A Record-setting 80 Conservation Youth Corps Members Attend a River Restoration Training in Escalante, UT

This week, southern Utah’s Escalante River Watershed Partnership (ERWP) kicked off a major event: a week-long training and crew season for 80 conservation youth corps members. This is the largest youth corps training program in the nation to focus on teaching corps members how to do riparian—or river corridor—restoration. And … read more


A “friendly” new dinosaur found in Utah!

Congratulations to Dr. Alan Titus, a great advocate of the National Conservation Lands and staunch supporter of Grand Staircase Escalante Partners! He has a new species of dinosaur named after him: Nasutoceratops titusi. The dinosaur was discovered in the Kaiparowits formation in the Grand Staircase Escalante National Monument in southern … read more


The Escalante River Needs a Few Good Volunteers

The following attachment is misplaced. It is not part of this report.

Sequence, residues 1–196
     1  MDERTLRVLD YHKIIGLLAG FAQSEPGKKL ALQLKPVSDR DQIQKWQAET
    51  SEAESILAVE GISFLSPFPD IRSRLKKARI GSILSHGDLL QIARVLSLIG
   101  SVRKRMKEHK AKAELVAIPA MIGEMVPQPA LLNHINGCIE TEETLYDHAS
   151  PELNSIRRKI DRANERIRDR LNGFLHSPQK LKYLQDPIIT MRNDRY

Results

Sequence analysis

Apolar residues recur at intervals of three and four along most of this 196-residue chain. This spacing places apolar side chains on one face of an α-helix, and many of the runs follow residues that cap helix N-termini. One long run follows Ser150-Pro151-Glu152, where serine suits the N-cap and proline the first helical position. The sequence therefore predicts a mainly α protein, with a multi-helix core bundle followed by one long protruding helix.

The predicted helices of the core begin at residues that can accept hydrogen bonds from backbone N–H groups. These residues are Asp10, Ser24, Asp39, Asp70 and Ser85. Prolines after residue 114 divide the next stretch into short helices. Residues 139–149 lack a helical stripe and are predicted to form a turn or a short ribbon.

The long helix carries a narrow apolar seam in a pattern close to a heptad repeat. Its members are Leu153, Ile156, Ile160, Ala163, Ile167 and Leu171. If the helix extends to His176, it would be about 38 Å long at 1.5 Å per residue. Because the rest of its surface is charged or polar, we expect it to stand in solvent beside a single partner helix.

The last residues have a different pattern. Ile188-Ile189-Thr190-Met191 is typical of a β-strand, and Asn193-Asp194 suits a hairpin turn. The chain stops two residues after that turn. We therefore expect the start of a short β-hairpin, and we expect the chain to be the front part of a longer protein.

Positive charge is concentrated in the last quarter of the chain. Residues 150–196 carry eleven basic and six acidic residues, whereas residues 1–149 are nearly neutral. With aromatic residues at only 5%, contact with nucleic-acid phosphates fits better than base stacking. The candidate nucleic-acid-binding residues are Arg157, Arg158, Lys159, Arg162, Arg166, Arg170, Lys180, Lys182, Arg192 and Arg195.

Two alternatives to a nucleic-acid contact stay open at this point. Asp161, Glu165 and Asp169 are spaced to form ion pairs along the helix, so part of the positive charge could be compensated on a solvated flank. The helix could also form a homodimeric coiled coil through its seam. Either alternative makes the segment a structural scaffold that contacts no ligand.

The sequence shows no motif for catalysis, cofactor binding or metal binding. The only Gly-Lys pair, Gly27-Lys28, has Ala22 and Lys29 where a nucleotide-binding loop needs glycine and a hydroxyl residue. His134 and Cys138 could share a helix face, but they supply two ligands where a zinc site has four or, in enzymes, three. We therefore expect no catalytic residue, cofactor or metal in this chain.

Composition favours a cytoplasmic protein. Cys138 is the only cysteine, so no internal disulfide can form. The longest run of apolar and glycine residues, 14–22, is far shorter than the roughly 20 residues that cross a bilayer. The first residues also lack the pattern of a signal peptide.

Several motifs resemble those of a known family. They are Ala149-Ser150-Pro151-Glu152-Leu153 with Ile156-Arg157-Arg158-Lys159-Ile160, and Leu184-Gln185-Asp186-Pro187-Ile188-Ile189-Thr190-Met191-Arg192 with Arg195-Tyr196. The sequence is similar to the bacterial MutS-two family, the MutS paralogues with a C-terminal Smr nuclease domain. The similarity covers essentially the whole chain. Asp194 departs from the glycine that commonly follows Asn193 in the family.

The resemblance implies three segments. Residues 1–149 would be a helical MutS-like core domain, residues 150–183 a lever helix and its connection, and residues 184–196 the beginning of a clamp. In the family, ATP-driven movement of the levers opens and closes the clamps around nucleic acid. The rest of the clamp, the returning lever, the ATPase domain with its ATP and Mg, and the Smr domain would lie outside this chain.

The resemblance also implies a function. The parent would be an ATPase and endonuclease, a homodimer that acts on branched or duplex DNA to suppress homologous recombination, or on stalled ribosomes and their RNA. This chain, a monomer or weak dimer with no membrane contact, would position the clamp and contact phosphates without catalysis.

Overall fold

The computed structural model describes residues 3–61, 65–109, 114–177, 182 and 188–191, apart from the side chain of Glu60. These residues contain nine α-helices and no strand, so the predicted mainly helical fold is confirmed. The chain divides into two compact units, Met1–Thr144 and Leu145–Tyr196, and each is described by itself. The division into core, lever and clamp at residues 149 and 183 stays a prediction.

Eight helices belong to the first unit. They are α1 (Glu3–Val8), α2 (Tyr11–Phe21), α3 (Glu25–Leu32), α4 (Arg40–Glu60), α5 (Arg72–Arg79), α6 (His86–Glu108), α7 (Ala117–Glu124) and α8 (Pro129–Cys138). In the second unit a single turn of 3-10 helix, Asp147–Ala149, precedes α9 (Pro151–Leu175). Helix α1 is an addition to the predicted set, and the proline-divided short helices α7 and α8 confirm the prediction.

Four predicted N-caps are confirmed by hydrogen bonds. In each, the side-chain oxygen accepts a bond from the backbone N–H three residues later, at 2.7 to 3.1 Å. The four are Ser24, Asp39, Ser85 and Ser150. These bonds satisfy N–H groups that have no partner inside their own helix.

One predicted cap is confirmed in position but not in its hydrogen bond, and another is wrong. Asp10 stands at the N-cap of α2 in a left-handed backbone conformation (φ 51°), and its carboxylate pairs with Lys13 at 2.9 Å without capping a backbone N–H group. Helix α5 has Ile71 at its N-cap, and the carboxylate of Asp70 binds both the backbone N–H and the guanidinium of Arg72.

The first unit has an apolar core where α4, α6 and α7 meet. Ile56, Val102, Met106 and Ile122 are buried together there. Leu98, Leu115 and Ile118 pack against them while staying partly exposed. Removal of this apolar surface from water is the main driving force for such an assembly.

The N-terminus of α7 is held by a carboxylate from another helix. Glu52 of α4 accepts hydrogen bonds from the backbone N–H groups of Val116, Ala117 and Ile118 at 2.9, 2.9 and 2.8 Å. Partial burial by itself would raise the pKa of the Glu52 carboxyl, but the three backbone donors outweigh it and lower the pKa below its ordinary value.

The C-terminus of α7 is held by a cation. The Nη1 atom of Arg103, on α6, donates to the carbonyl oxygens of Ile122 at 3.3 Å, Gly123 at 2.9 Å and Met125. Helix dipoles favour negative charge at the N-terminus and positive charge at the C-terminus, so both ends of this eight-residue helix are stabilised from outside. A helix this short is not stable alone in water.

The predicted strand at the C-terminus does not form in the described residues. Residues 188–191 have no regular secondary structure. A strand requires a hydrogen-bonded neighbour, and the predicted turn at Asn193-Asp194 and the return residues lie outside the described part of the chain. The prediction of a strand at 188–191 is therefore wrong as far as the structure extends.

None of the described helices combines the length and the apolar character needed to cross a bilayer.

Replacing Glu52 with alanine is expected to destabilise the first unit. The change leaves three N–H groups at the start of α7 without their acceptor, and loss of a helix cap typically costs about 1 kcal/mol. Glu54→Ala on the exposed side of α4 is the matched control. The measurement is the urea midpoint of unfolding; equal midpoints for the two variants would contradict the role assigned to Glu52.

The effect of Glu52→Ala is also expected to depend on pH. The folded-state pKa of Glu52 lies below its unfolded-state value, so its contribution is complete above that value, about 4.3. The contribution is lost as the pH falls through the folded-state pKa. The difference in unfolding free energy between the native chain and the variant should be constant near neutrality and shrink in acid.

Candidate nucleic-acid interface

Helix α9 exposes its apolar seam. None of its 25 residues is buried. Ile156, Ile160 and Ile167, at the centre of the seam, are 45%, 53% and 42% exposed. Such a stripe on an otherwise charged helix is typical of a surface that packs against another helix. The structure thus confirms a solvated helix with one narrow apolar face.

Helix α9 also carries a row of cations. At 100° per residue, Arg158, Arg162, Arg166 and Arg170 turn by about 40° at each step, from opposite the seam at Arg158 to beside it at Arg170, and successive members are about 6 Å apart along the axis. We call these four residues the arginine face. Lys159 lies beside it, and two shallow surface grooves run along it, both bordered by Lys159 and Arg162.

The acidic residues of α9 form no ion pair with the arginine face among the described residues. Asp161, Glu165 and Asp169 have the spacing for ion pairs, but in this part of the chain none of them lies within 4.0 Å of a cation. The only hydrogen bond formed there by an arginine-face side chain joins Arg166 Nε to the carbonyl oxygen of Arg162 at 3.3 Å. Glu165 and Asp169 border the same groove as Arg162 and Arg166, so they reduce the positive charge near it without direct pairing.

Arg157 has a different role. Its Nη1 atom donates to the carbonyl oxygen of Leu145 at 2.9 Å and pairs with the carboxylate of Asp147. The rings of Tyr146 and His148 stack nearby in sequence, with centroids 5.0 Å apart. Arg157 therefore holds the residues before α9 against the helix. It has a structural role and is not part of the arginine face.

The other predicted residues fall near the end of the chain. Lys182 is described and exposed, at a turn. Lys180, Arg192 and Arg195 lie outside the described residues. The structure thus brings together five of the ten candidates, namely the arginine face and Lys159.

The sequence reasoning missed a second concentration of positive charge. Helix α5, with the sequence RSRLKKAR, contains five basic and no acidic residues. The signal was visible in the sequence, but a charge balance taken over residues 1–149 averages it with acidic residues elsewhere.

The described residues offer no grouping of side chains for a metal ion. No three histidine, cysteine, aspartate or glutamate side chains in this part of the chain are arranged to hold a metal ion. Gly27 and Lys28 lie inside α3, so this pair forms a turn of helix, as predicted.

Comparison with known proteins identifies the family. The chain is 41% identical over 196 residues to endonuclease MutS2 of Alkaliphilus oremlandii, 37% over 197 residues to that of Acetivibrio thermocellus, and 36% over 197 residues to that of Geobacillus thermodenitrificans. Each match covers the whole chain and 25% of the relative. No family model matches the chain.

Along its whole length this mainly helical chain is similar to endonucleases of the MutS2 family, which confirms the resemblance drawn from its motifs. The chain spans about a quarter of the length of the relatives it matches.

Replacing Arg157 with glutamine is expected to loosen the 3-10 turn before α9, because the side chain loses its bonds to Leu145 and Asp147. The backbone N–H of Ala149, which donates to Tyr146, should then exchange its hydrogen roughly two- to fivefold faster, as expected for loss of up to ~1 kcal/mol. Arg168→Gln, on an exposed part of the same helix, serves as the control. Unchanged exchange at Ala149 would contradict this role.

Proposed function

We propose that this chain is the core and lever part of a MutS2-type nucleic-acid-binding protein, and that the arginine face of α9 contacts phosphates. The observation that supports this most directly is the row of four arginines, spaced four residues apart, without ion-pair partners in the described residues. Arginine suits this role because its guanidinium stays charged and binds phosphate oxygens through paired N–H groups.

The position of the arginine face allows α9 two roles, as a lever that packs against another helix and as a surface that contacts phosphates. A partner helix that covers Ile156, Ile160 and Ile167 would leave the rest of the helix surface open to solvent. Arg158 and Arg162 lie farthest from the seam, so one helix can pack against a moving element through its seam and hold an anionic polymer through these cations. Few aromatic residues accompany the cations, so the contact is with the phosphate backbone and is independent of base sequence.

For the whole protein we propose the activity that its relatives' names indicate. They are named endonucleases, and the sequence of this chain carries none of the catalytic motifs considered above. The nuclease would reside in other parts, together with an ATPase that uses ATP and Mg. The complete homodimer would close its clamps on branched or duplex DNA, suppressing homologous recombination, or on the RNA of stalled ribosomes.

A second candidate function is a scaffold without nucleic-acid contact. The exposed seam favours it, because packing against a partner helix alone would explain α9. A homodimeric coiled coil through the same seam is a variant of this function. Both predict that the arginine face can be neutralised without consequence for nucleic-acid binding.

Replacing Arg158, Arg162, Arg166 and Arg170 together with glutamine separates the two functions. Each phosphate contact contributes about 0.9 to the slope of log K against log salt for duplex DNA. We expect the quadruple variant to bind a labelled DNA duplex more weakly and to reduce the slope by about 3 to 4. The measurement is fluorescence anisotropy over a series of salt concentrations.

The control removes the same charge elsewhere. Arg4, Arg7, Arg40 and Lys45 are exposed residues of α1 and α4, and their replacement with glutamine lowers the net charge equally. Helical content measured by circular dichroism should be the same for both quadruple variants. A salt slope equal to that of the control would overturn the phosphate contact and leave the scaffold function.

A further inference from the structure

The Escalante River Watershed Partnership is offering a tremendous opportunity for volunteers who want to backpack to a remote and wild part of Utah’s Grand Staircase Escalante National Monument, spend a day getting to know the river and its side canyons, then take up loppers and saws to help cut … read more


A Model Partnership for the Escalante River

Not long ago, we introduced CLF blog readers to a group of people calling themselves the Escalante River Watershed Partnership who have worked effectively since 2009 to improve conditions in and around southern Utah’s Escalante River. They have been so effective, in fact, that last spring Interior Secretary Ken Salazar … read more


Escalante River Watershed Partnership (Pronounced “ERWP?”)

Next week, a working group called the Escalante River Watershed Partnership is holding a meeting in Cedar City, UT to continue its collective efforts to protect and maintain a healthy Escalante River and watershed for future generations. Recognizing that there are changes and challenges unfolding in the region, people from … read more


Four Rivers (and what they mean for the mighty Colorado River)

This past week in southwest Colorado, the Mesa County Conservation Forum hosted a symposium made up of six experienced panelists to weigh in on and field questions about the “Value of the Colorado River to Western Colorado Economies.”  The lay-of-the-land is mind-blowing: Thirty million people in seven western states rely … read more